I’m not going to reveal how Zola resolves all this, except to say that he achieved his goal to ‘write a book no one expects from me’. The miracle of Angelique’s rescue has a dreamlike quality, and that’s not the only miracle that happens. The girl’s naïve faith that everything will be resolved because they love each other is a dream, as is her belief that all she has to do is introduce herself to the Monseigneur and his opposition to the marriage will be overcome. It’s her passion that drives this faith, because for Zola with his belief in heredity destiny, her dubious parentage will always influence her fate, even when it’s moderated by a benign environment. The placidity of her home with the Huberts can never wholly suppress the passion.
It’s a very interesting book, with some beautiful scenes and a plot that gathers momentum till it reaches its unexpected ending.
The translation by Andrew Brown is competent, but (as you can see from the excerpt above) it’s occasionally ungainly with contemporary idiom such as ‘fetched up here’; ‘tramping the street for ages’; and ‘at this spot’. The cover design is dopey, and the green slime effect is singularly unenticing. On the other hand, the Foreword by Tim Parks is helpful (and includes interesting stuff about the religious aspects of the novel that I haven’t delved into here) and the Introduction by Brown is very good indeed, though best left till after the reading because of spoilers. He draws out the intricacies of the novel without being overly academic about it, making it more enjoyable to mull over afterwards.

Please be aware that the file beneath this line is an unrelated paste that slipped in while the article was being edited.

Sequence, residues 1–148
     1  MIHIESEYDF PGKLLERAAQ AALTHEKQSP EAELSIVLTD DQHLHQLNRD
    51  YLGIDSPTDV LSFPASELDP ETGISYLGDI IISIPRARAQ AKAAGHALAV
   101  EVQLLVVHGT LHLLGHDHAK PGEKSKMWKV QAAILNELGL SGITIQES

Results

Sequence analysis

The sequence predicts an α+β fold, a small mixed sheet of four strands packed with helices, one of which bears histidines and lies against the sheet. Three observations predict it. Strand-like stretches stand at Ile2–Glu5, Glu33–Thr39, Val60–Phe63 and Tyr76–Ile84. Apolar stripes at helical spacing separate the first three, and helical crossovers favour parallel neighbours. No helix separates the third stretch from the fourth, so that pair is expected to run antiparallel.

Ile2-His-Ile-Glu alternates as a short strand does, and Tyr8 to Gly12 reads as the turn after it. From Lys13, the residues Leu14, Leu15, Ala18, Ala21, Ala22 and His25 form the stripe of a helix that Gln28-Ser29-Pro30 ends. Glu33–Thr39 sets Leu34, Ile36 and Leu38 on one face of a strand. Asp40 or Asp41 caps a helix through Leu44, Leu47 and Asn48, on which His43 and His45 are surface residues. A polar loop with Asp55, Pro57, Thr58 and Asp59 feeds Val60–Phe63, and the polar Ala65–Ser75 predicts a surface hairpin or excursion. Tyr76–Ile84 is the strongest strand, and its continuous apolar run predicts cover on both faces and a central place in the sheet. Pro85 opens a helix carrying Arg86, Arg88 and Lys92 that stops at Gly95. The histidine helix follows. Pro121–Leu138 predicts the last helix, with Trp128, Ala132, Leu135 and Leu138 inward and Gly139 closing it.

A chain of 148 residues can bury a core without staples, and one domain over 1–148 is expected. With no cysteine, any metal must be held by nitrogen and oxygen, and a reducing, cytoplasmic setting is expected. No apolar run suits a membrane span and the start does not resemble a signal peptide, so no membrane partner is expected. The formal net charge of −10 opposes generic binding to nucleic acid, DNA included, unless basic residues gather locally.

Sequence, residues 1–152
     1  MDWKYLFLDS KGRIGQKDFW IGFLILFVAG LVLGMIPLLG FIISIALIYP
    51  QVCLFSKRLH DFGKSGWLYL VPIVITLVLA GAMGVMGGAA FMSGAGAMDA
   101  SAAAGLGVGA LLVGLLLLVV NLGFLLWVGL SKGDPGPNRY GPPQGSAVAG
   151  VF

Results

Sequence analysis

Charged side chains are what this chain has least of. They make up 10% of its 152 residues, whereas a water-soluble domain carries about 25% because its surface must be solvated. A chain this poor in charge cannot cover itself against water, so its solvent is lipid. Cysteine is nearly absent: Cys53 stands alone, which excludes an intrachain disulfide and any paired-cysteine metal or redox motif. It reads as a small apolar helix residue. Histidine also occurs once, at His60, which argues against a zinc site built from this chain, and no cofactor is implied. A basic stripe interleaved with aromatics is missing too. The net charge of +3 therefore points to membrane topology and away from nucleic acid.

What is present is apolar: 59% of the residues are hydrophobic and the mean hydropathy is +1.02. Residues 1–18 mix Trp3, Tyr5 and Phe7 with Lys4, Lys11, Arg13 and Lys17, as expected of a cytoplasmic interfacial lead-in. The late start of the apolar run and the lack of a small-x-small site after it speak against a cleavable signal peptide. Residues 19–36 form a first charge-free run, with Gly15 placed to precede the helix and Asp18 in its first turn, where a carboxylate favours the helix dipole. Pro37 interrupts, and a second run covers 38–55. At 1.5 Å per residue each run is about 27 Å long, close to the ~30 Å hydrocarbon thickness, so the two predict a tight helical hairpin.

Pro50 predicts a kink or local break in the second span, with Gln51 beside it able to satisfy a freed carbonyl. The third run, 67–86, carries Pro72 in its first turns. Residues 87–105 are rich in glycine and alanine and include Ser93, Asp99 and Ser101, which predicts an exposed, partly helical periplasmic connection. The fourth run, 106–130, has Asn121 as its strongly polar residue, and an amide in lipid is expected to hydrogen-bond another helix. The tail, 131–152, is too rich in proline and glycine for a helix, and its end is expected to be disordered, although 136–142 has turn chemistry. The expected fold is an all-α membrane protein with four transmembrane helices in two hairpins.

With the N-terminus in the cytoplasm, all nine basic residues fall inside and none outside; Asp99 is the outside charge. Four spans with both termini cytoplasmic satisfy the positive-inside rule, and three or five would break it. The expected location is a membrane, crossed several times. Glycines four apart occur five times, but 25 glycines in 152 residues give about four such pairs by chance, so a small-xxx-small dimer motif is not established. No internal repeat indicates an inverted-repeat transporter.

And now on to La Conquête de Plassans (The Conquest of Plassans/A Priest in the House) – and my timing is excellent because I see from Twitter that Oxford have today just released a new translation of it! See Fishpond: The Conquest of Plassans (Oxford World’s Classics)
Author: Emile Zola
Title: The Dream (Le Rêve)
Publisher: Hesperus Classics, 2005
Source: Personal copy
Out of print. Try AbeBooks or Brotherhood Books.
I read and reviewed this book as part of my Zola Project,
Lisa Hill, 2014